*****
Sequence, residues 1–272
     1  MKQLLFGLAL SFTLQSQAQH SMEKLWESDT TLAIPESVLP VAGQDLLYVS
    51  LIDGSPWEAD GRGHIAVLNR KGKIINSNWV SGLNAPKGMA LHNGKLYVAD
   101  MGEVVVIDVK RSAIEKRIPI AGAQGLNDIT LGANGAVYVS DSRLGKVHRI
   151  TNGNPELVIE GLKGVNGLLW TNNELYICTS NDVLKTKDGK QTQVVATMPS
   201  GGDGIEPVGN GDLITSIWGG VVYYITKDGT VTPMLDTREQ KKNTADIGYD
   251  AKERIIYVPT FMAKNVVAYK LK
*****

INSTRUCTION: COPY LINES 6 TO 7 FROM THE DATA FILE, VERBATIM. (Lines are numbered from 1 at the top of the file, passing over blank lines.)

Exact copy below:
   201  GGDGIEPVGN GDLITSIWGG VVYYITKDGT VTPMLDTREQ KKNTADIGYD
   251  AKERIIYVPT FMAKNVVAYK LK